Contracts renewed for Bichette, Manoah after failing to reach agreement with Blue Jays

Toronto Blue Jays' Bo Bichette throws to first after fielding a ground ball off the bat of Chicago White Sox Luis Robert, not shown, for the out in the first inning of an American League baseball game against the Chicago White Sox, in Toronto on Monday, Aug. 23, 2021. (Jon Blacker/CP)

TORONTO — The contracts of all-star shortstop Bo Bichette and right-hander Alek Manoah were renewed for the 2022 season after the pre-arbitration players and the Toronto Blue Jays failed to reach agreement on new deals, the club announced Wednesday.

Sixteen other players between 0-3 years of service time, including closer Jordan Romano, catcher Reese McGuire and infielder Santiago Espinal, agreed to contracts.

The renewals for Bichette and Manoah are notable because it means they declined salaries determined by the Blue Jays’ scale for pre-arbitration players, often a way to show displeasure with the team figure. As per terms of the uniform player’s contract, the renewals are set at the midway point between the team’s number and the major-league minimum.

That puts Bichette at $723,550 after rejecting a salary of $747,100, and Manoah at $706,200 after turning down $712,400, according to industry sources.

The Blue Jays’ system for compensating pre-arbitration players is determined by the major-league minimum, raised to $700,000 under the new collective bargaining agreement, and a team-established scale that provides raises of up to $40,000 depending on a player’s active service and playing time, according to industry sources.

Additional bonuses of $10,000 are paid if a player wins a qualifying award such as MVP, Cy Young, Rookie of the Year or Reliever of the Year or is selected an all-star, Silver Slugger or Gold Glover.

Here are the salaries for their 18 pre-arbitration players, as provided by industry sources:

Some teams adjusted their scales in response to the new CBA but the Blue Jays, for the time being, maintained their system, believing the new $50-million pre-arbitration bonus pool centrally funded by Major League Baseball will level out any inconsistencies.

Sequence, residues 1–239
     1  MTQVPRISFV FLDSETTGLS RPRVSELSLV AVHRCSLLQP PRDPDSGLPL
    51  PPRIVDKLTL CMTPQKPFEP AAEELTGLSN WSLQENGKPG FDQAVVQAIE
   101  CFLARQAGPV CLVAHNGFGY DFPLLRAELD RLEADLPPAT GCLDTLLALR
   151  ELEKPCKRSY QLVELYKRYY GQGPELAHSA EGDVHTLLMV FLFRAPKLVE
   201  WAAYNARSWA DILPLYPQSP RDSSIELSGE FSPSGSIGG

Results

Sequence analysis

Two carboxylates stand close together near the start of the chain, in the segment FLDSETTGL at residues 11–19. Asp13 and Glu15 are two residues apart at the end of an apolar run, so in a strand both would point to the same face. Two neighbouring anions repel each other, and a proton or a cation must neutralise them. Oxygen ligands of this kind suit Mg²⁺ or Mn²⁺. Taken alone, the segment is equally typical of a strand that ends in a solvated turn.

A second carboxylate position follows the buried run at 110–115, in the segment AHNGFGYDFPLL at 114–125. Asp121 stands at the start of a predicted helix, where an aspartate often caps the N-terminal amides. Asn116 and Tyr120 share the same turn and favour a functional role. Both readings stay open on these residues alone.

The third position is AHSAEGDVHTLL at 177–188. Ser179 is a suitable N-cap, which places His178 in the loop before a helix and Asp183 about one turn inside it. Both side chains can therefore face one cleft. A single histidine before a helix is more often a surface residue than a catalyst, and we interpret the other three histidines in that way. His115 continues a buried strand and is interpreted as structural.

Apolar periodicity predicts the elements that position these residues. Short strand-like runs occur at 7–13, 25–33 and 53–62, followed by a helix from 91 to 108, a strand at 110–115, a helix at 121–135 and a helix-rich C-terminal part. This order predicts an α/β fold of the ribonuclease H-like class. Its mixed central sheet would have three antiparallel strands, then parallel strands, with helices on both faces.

The money will be distributed first to eligible players who garner top awards consideration, with MVP and Cy Young Award winners receiving up to $2.5 million. The remaining money is allocated to the top-100 qualifiers based on a statistical formula modelled on WAR that is to be jointly developed by MLB and the players association.

A key test of the new system is whether it’s enough to ease some of the friction created by baseball’s pre-arbitration salary and renewal process, which is controlled by clubs and leaves players with no real leverage.

Some teams have provided raises well above the minimum under extraordinary circumstances, such as the Los Angeles Angels pushing Mike Trout up to $1 million following consecutive second-place finishes in AL MVP voting. In 2017, the Boston Red Sox renewed Mookie Betts at $950,000 when the sides couldn’t agree on a salary.

Approaches to renewals differ as well, as some teams are less punitive than the terms of the uniform player’s contract, while others take a harder line.

The Blue Jays as a matter of policy used to renew players who rejected offers at the minimum salary, a course of action they took with Aaron Sanchez in the spring 2017 following his breakout season the year before.

They changed their policy the following season.

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